Sirince once was a Greek Orthodox village, 7 Miles away from Ancient city of Ephesus (current Selcuk town) and 20 miles away from Kusadasi. Sirince was once called Cirkince (ugly). The name is especially chosen to disattract people to move to the village.
First foundation of the village dates back to 1st century. Early christians of Ephesus escaped to the village to be protected from prosecutors. The village stayed as a Greek Ortodox Village until the exchange agreement between Rupublic of Turkey and Greece in 1924. During this exchange Greeks living in Turkey were exchanged with Turks living in Greece. This was a forced migration both sides at the post war period of WW1. Turkish families from mainly from Kavala region moved to the area. Greek families who moved from the village founded a new town named as "Nea Efesos" (Νέα Έφεσος)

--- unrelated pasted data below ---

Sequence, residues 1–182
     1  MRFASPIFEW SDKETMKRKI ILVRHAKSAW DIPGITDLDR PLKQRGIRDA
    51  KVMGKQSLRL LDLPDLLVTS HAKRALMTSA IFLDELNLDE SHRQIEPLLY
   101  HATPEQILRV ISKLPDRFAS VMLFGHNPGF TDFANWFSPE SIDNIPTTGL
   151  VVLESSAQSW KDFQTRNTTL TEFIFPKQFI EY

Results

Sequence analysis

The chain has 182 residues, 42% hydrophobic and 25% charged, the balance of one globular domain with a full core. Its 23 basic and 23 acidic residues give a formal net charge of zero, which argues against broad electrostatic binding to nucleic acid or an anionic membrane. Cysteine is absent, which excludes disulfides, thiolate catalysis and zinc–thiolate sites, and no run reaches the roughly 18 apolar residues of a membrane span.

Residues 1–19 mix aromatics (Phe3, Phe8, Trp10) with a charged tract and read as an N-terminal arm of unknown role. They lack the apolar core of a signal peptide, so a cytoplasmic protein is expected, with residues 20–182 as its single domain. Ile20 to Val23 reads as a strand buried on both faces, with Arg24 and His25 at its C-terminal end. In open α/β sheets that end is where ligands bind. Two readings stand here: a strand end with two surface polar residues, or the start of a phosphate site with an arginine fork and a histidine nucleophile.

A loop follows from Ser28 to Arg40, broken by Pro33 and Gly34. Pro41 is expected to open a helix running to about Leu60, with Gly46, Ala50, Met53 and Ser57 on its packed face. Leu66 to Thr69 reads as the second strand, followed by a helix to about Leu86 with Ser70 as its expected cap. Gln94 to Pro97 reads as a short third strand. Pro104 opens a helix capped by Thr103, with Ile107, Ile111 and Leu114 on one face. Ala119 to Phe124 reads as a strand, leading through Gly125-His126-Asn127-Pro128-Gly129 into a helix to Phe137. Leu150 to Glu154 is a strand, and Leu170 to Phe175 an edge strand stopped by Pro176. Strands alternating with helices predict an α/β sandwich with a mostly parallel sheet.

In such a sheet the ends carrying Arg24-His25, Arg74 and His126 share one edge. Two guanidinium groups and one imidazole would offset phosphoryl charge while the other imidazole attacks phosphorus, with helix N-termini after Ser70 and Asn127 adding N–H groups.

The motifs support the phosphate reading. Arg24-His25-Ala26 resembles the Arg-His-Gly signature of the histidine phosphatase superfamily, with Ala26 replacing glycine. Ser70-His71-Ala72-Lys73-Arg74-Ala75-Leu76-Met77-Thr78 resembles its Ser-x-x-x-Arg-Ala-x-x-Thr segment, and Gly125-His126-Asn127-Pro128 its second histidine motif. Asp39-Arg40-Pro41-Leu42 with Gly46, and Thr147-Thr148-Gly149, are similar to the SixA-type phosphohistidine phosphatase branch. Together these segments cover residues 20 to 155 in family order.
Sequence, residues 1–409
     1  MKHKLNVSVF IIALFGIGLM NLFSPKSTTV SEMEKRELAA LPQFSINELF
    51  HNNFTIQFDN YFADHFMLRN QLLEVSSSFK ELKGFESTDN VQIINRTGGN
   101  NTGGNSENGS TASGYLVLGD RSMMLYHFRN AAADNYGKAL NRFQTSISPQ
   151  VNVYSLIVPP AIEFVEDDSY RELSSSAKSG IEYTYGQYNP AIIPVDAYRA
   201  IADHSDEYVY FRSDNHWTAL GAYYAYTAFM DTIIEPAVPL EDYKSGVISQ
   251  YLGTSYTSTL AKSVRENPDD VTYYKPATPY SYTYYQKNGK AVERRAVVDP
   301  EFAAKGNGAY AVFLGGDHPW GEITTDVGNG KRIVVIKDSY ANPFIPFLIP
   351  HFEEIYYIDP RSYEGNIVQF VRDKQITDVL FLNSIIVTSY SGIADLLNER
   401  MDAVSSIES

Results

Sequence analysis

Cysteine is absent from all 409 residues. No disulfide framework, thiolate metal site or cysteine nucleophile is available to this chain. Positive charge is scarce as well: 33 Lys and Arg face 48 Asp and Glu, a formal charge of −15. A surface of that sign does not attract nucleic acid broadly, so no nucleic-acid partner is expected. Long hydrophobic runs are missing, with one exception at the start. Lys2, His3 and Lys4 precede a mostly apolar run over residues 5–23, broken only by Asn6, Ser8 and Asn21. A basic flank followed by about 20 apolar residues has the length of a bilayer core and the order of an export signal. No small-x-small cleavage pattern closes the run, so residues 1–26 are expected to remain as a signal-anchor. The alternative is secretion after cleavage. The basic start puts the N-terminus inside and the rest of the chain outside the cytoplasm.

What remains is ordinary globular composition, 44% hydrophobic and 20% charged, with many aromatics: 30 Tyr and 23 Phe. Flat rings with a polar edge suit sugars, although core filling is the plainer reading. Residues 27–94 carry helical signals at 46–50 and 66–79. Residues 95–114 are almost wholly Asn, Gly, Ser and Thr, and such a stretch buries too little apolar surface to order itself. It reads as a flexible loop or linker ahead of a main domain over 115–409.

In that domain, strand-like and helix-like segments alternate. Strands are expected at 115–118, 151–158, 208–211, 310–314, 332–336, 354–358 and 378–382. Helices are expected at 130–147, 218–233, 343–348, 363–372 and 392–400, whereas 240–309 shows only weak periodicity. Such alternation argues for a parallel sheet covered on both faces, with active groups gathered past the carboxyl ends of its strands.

The official name change of the village was in the early years of the Republic of Turkey. Name of the village changed from Cirkince to Sirince. Until 20 years ago, the main industry of the village was agriculture. Because of its unque historical background, beauty. Since the village name was mentioned many times in novels and travel shows and documentaries, Sirince Village today is a very touristy site.
Today the main industry is tourism. A lot of village home owners, converted their homes into restaurants, hotels and shops. Sirince Village, today is known with olives and peaches grown in july and fruit wines. Fruit wines are seet wines, more like desert wine. The most popular fruit wine from Sirince is black mulberry.
Visitors can also find lots of herbal products such as levander teas, sage, bay leaves, olive oil soap bars, olive oil lotions. Today the village is a perfect synthesis of Turkish-Greek culture. Visitors may enjoy taking pictures of old Greek homes. Most of them today are being restored and turned into small hotels. There is an abandoned Greek Orthodox Church from 19th century.
In the weekends, Sirince becomes so crowded with the Turkish visitors from big cities like Izmir and Aydin. Our recommendation is to visit this village during the weekdays.
For the visitors there are many restaurants and small hotels.